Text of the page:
The book giveaway is over and I’m pretty happy with the results. The sales’ rankings for The Big Shutdown shot up from the low thousands to 40, which put it in pretty good big shutdown 2company. Now that its over the book is back down in the 3,000 area. That’s not a problem for me. The monster hunter books continue to be top sellers in the Horror/Western category. But that’s a much smaller niche. You really don’t have to sell that many books to get into the top 100 or even the top 10. But space opera is much larger category with thousands of titles competing against each other. So unless I go with one of the big publishing houses, who can promote and provide wide exposure, The Big Shutdown may never get into the top 100 again, unless somehow word of mouth builds and the book sells by itself. Not too likely. But in the meantime I can continue writing and publishing myself, slowly building up a readership and like the man said, when it’s all done, I can say I did it my way.

Here’s an interesting breakdown of the actual number of books that were given away yesterday. Compared to guys like Lawrence Block and Paul Bishop who gave away books around the same day that I did, the numbers may seem laughably small, but it’s all relative, gang. The total number of free books given away was 45. The fascinating thing is that only 26 were given to U.S. readers. The other 19 were from overseas!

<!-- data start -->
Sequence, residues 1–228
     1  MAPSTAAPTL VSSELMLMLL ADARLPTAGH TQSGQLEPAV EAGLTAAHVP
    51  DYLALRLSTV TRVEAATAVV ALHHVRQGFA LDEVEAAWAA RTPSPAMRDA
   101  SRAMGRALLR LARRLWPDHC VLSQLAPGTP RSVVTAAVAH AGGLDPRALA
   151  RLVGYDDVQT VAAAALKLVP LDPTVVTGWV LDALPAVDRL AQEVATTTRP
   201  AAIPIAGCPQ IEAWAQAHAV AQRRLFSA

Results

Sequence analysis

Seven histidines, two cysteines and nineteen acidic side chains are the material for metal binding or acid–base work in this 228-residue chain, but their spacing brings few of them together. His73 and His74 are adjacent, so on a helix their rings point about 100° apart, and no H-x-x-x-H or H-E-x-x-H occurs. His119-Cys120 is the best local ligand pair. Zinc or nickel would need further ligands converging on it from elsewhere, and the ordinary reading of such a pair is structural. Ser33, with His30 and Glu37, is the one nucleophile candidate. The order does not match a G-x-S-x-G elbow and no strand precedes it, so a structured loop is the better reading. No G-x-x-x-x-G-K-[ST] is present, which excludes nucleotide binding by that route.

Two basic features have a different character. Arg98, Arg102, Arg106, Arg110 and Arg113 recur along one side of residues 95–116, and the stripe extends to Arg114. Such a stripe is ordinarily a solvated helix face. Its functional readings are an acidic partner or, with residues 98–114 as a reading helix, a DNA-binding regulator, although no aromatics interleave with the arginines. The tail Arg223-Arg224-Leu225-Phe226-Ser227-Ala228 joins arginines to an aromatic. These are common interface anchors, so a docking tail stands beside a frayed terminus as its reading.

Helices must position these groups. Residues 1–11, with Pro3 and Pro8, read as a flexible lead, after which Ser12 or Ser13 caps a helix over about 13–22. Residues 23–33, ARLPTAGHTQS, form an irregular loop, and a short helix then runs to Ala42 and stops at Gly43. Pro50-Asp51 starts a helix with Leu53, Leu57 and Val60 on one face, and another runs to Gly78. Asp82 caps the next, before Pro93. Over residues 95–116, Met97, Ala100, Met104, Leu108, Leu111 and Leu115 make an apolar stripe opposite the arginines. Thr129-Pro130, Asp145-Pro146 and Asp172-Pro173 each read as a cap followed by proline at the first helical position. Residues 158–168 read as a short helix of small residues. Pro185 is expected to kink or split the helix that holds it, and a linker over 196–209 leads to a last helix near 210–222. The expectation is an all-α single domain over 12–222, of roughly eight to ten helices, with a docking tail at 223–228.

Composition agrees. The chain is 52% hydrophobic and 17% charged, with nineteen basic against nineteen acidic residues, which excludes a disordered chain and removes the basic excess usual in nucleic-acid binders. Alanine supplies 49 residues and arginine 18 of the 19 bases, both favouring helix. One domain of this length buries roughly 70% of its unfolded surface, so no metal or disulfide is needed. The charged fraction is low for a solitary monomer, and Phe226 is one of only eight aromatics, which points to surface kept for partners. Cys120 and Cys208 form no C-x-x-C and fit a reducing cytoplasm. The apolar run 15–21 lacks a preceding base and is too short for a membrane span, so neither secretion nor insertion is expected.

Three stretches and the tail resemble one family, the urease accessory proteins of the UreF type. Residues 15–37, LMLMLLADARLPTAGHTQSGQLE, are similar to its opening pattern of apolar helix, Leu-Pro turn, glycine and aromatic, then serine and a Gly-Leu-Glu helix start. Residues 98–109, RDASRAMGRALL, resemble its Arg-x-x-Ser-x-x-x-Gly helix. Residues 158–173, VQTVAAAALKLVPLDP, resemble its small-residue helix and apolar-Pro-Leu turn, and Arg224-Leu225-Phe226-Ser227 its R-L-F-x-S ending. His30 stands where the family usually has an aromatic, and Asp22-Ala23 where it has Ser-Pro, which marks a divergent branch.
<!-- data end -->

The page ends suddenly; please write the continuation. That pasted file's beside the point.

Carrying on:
Germany had the highest number, with 9.
Next. United Kingdom, with 8.
France and Canada both scored 1 each.

My blog consistently registers viewers from those countries. Though they seldom if ever comment on anything, it’s great to know they’re following me and Flying W Press. Thanks to each and everyone both overseas and in the U.S. who participated in the giveaway. I would have been really bummed out if no one did. I really hope those who got the book will now actually read it and if you have the time, post a review on Amazon. It helps to have a few stars after the title up there on the Amazon page.

So, now it’s onward and wherever. Look for more new releases coming in 2016. Have a good weekend.

big shutdown 2Maybe I’ve gone stir crazy from all the snow. But you all know that The Big Shutdown has been out now since November. It was selling very well when it first came out. But since then, frankly, it’s slowed down a bit. The Flying W Press Mordecai Slate books are outselling it by far. I think it’s partly because there haven’t been any Amazon Customer reviews for Shutdown. The people that bought it aren’t saying anything about it.The book just got a terrific review in Amazing Stories Magazine. I think there would be more postive reviews if people had a chance to read it.